The Columbia Global Centers | Middle East organized a thematic speaker series entitled “Looking at Tunisia” that ran at the Center from March-June 2015. The series featured a number of talks by prominent speakers on various aspects of the country’s democratic transition, religious tolerance, political moderation, and civic engagement.
Talks were given by:
- Hamadi Redissi, Professor in Political Science at the University of Tunis – Tunisia: Moving from Transition to Democratic Consolidation on March 24
- Mehdi Jomaa, Head of the Tunisian Government (2014-2015) – Tunisia’s Transition Experience on April 1
- Professor Safwan Masri, Executive Vice President for Global Centers and Global Development, Columbia University – Understanding Tunisia’s Democracy on April 27
- Corinna Mullin, Visiting Assistant Professor in International Relations at the University of Tunis, and Research Associate, School of Oriental and African Studies – Rights, Justice and Democracy in Tunisia: Between Revolution and National Security on May 18
- Alfred Stepan, Wallace Sayre Professor of Government and Founding Director of the Center for the Study of Democracy, Toleration, and Religion, Columbia University – The Tunisian Democratic Transition in Comparative Perspective on June 8
In his talk, Tunisia: Moving from Transition to Democratic Consolidation, Professor Redissi argued that it was too early to give a definitive answer on why Tunisia is on a path of success, whereas other Arab countries have failed or appear to be non-eligible for success.
H.E. Mehdi Jomaa shared the stage with Professor Safwan Masri to discuss Tunisia's transition experience. In the discussion, Jomaa talked about Tunisia's success so far in obtaining a democratic transition in the region. He shed light on the key factors that led to this success and presented the challenges that Tunisia faces as it moves forward.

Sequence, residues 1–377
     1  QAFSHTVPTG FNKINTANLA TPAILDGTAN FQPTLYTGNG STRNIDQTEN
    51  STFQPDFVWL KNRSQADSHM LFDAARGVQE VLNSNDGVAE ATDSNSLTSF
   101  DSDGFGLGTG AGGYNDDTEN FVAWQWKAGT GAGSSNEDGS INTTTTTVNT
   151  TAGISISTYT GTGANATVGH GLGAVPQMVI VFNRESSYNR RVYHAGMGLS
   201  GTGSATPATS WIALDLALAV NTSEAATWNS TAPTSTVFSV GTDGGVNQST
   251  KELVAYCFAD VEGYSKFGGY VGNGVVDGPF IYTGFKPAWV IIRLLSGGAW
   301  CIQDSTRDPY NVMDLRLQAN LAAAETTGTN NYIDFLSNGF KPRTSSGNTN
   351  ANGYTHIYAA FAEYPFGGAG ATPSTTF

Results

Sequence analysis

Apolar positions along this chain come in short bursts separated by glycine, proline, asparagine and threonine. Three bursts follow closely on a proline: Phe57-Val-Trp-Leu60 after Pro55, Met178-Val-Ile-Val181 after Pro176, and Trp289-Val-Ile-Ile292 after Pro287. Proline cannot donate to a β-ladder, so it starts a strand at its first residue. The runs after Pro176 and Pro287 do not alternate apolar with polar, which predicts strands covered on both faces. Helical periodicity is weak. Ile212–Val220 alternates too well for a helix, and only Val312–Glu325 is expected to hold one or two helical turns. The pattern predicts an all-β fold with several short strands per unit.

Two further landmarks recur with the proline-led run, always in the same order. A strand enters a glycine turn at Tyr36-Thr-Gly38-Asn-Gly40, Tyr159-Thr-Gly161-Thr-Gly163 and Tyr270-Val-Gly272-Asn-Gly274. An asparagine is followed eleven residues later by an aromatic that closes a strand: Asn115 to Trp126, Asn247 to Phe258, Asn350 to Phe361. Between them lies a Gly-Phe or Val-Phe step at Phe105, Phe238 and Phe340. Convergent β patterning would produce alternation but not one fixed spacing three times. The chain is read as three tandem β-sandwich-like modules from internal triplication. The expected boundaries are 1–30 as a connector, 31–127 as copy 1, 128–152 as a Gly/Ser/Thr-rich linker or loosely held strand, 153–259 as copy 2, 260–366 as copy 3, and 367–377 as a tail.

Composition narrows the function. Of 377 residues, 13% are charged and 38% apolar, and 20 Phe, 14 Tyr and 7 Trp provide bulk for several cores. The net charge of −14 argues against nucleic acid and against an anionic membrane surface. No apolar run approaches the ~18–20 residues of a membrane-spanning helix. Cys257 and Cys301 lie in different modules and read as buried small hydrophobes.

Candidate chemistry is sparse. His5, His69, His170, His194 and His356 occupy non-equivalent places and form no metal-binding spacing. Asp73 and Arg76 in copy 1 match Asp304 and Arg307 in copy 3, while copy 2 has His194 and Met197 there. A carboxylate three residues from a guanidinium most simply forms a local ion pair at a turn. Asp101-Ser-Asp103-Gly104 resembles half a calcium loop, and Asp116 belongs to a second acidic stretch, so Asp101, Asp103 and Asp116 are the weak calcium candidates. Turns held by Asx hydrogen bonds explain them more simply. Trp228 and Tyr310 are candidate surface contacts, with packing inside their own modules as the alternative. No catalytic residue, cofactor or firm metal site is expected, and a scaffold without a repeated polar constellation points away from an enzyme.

During Professor Masri's talk on Understanding Tunisia’s Democracy, he discussed the civilizational and intellectual history of Tunisia and the roots of religious tolerance, political moderation, and civic engagement that help explain the country’s democratic transition. He examined, within this historic context, the consensus-building and political compromise spirit that has been characteristic of the country’s realpolitik since the revolution.
Corinna Mullin spoke about the attacks targeting Tunisia's national Bardo museum that have reinvigorated discussions around national security. Her talk aimed to move beyond the "rights vs. security" debate by examining these issues through the broader lens of Tunisia's uprising and the context of a globalized national security state.
To conclude the series, Professor Stepan highlighted his work on 15 successful and failed democratic transitions throughout the world. Professor Stepan also discussed some of the key political choices, such as mutual accommodation between moderate secularists and moderate Islamists, and consensual constitution making that are helping to make Tunisia, like Indonesia and Senegal, and unlike Egypt, a successful democratic transition.